Jacques Maritain Center : The Range of Reason

Chapter Ten


This chapter is made up of a letter directed by the author to Mr. Hayim Greenberg, editor of Jewish Frontier, and published in the August, 1944, issue of this periodical, under the title A Catholic View of the Crucifixion. It refers to the Letter to a Christian Minister, which Mr. Hayim Greenberg had published in the August, 1939 issue.

I THANK you cordially for having sent me your moving and inspiring "Letter to a Christian Minister." Not only did I read it with the keenest interest, but I greatly admire the way in which you have expressed the Christian understanding of the mystery of Christ's crucifixion by God's people. I cannot help thinking that in the very fact that a Jewish scholar, acquainted with the purest and deepest insights of his tradition, has come "from the outside" to such a grasp of the Christian point of view, there is an invaluable sign of the kinship between the Christian spirit and the Jewish spirit. In any case, for a Christian aware of the significance of his own creed, Christ's condemnation and death are a divine mystery, the most awesome irruption of God's secret purposes into human history, a mystery which can be looked at only in the light of supernatural faith, and you are perfectly right in stating that "as long as your pupils will think of this problem in terms of a lynching party or of a judicial frameup, they will remain on a low, non-metaphysical plane that has nothing to do with Christianity."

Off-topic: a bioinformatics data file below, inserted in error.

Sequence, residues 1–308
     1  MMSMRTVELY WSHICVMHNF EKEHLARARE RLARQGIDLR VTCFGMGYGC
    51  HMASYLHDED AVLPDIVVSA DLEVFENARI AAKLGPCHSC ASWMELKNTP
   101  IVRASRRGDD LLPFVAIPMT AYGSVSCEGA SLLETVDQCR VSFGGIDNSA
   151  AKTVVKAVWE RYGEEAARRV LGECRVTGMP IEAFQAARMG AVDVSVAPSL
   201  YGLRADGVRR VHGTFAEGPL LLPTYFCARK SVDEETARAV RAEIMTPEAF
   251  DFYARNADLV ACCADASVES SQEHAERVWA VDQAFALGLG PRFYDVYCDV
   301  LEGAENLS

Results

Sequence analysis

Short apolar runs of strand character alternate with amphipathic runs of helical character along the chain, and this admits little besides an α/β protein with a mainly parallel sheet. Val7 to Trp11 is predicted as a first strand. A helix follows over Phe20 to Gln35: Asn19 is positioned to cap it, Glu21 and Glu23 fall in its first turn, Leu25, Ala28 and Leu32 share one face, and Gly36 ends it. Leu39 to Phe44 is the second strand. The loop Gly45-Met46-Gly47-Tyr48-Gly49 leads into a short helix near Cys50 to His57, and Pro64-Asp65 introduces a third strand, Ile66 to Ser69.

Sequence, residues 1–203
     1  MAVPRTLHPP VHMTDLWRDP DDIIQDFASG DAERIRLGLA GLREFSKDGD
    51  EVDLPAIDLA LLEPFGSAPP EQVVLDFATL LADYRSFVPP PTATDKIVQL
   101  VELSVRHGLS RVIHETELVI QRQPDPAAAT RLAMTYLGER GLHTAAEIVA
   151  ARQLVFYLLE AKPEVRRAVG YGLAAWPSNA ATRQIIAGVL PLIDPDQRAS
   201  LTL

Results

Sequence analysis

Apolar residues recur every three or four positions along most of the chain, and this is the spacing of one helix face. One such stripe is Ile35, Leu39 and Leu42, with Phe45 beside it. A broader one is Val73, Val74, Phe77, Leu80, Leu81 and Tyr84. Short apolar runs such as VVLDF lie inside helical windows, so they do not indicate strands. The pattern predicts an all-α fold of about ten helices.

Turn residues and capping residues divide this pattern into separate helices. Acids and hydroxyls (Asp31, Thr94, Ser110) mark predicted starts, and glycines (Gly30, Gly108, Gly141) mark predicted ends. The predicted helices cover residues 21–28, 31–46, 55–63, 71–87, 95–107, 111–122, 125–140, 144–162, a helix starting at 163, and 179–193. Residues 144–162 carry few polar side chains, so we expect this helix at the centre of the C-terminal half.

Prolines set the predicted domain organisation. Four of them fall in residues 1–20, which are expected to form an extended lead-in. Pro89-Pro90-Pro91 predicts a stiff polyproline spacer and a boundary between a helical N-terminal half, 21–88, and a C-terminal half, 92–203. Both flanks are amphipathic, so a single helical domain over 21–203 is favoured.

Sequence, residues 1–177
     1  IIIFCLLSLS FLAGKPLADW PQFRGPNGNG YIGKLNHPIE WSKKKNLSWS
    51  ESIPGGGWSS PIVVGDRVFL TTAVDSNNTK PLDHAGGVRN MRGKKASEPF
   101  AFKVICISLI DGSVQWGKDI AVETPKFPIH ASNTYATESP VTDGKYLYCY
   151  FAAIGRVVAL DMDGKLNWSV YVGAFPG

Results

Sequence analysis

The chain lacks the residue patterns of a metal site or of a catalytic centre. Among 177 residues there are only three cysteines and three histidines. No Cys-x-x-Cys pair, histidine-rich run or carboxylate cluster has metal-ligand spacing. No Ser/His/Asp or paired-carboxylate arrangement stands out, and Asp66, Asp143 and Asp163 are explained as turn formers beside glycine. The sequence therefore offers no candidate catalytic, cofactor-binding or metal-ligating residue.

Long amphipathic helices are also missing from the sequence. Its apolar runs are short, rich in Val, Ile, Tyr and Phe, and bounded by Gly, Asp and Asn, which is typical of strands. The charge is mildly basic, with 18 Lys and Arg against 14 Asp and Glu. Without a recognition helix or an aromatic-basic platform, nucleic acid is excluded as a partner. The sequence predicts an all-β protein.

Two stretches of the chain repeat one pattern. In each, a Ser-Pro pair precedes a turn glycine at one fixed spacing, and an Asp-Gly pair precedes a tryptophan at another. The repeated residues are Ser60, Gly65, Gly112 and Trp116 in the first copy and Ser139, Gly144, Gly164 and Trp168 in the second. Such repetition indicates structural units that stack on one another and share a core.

Precisely because I am so profoundly in agreement with you on the fundamentals of the question, I think you will allow me to add a few remarks. And first, a criticism: the expression of "tragic guilt" is only an approximate and deficient one, for it deals with the basic concept of fate. Now from the Christian outlook (as well as from the outlook of the Old Testament) guilt is not made inevitable by fate. It is involved in the unbreakable plan of eternal wisdom, yet human freedom stays real under the will of God, and does freely the good which God has eternally decided to predetermine, the evil which He has eternally decided to permit.{1} (In the same way, Christ did not choose Judas as the betrayer. He knew those He has chosen -- the Greek text uses the plural, John 13, 18. "I speak not of you all. I know [those] whom I have chosen." Judas was not among them, he was known as the non-chosen.){2} Nowhere more than in the condemnation of Christ did the exercise of human freedom appear supremely dominated by the transcendent power and foreseeing mercy of God, in a way infinitely more pathetic than Greek tragic destiny. It made Paul bend his knees in adoration. Yet freedom and responsibility remained, and therefore, guilt.